Arizona’s Best Hidden Food Experiences
Discover five-star chefs and nationally lauded restaurants tucked away in some of the state’s most off-the-beaten-path locales.
It’s common knowledge that Greater Phoenix, Tucson, Sedona and Flagstaff have major food scenes and are stuffed with great restaurants. But farther afield, Arizona’s small towns offer secret culinary gems. Fire up your maps app and take a dining road trip to one of these acclaimed eateries.
Café Roka | Bisbee
Chef Rod Kass came to Bisbee from Phoenix in 1990 to visit — and never left. His restaurant, with a name derived from his first and last names, is housed in a three-level, 1907 storefront, and has been a gourmet destination for more than three decades, drawing guests who make a weekend out of a coveted dinner reservation. Start with the caramelized onion and fig tart, then move on to entrees like the artichoke and portobello mushroom lasagna (a longtime menu favorite), roasted duck, grilled lamb salad (the lamb earned raves in a Los Angeles Times write-up) or poblano risotto cakes gilded with a red curry coconut sauce. An Arizona-centric wine list makes an evening in the intimate eatery even more rooted in the surrounding high desert.
MERKIN VINEYARDS HILLTOP WINERY & TRATTORIA | Cottonwood
Longtime Verde Valley winemaker and rock star (Tool, Puscifer, A Perfect Circle) Maynard James Keenan’s newest venture is a 7-acre hilltop food and drink compound. Wineries bearing his Merkin and Caduceus labels share space with a trattoria, all with indoor-outdoor seating and views of Old Town Cottonwood below and distant mountains beyond. Chef Christopher Smith keeps things fresh with ingredients culled from the Merkin gardens, greenhouses and orchards, crafting menu items like lasagna cupcakes, gnocchi with a prosciutto-sage cream sauce and pizzas, such as the Crucifixen, topped with kale, rapini and romanesco cauliflower. Save room for the house-made gelato. Sure, you can drive and park at the top of the hill, but add a fun factor by taking the tram up.
MI CASA MEXICAN RESTAURANT | BENSON
For more than a decade, this small, colorful restaurant has earned a rep for delicious dishes with a Baja California bent, thanks to Chef Santa Sutton’s roots. With husband Andy Sutton at the front of the house, Chef Sutton earned a Trip Advisor “Top 25 Hidden Gems in America” mention, as well as a Trip Advisor Certificate of Excellence, for dishes like enchiladas, fajitas and the taco salad — so artfully plated that nearly everyone goes influencer and succumbs to Instagram posting. Whole-wheat tortilla wraps and Southwestern-style eggs move the menu needle into fusion territory. Save room for the top-secret-recipe carrot cake and plan to call in sick on a workday. Mi Casa is only open Tuesday through Friday; for more info, 520-254-0343.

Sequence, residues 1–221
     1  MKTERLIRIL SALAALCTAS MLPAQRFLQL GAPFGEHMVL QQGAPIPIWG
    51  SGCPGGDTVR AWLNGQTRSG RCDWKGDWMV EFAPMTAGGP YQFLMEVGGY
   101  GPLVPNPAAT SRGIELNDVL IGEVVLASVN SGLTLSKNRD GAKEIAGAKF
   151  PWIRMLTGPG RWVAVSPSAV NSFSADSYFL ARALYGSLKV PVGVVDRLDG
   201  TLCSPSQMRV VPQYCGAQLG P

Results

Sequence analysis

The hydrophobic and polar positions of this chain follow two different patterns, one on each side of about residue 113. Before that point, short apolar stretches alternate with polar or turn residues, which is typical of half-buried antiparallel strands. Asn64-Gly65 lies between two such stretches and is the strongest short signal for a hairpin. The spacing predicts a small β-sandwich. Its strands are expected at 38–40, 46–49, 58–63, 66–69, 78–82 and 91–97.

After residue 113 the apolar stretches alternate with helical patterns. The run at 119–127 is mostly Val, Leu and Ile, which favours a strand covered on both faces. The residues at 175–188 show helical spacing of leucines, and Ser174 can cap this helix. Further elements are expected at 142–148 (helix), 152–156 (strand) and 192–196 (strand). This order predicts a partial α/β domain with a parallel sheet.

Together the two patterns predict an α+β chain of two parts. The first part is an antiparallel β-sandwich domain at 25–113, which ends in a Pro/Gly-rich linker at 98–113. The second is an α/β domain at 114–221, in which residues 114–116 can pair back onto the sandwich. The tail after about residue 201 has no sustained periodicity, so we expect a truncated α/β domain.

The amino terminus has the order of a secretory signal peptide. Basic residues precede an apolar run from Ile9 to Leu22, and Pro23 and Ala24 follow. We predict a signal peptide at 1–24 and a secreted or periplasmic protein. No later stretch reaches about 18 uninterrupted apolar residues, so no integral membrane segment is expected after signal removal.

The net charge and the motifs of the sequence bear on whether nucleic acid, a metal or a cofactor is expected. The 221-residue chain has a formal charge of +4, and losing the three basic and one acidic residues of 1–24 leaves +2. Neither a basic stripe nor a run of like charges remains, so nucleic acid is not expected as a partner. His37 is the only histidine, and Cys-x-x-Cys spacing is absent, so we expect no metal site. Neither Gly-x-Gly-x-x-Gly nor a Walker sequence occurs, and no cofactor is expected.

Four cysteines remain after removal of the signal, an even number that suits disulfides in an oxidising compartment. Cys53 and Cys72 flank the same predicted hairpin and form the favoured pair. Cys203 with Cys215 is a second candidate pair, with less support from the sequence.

OLD COUNTY INN | PINE
After years working as a corporate chef, New York native and Culinary Institute of America grad Michael Dahling decompressed by weekending in the quaint Mogollon Rim town of Pine. He and his wife Jessie decided to make it full-time by opening a restaurant specializing in wood-fired dishes, locating it on Old County Road — hence, the restaurant’s name. Day-trippers and locals alike go for the house-made bread sticks dipped in green chile beer cheese, and the pizzas, two of which are named after Townes Van Zandt’s plaintive song “Pancho and Lefty” and are respectively topped with roasted pork and green chile, and roasted chicken with barbecue sauce. Cocktails and craft beer take the edge off a day spent traipsing in the nearby forest, but save room for the chocolate-coconut-macadamia cast iron cookie. And don’t depart without visiting Dahling’s other in-town foodie destinations: Pinewood Tavern, a laid-back pub, and Pine Provisions, a beer and wine bottle shop.
The Turquoise room | Winslow
When James Beard-nominated chef John Sharpe retired, The Turquoise Room aficionados held their collective breath. But Chef Jesus Nunez — who worked by Sharpe’s side for years — has continued the restaurant’s glorious menu, inspired by Native traditions and Four Corners ingredients. Located in the restored 1930 La Posada Hotel, a Fred Harvey hostelry designed by Mary Colter on the Santa Fe Railway, the restaurant features dinner dishes like free-range bison short ribs, pork carnitas and the Southwest vegetable platter anchored by a hemp tamale and wild mushroom roasted corn flan. Pace yourself on starters like Hopi hummus made with reservation-grown tepary beans or the signature soup: half cream sweet corn and half spicy black bean, served side-by-side in the same bowl. Take time for a postprandial stroll through the hotel’s art-filled hallways, or better yet, spend the night and stay for breakfast.
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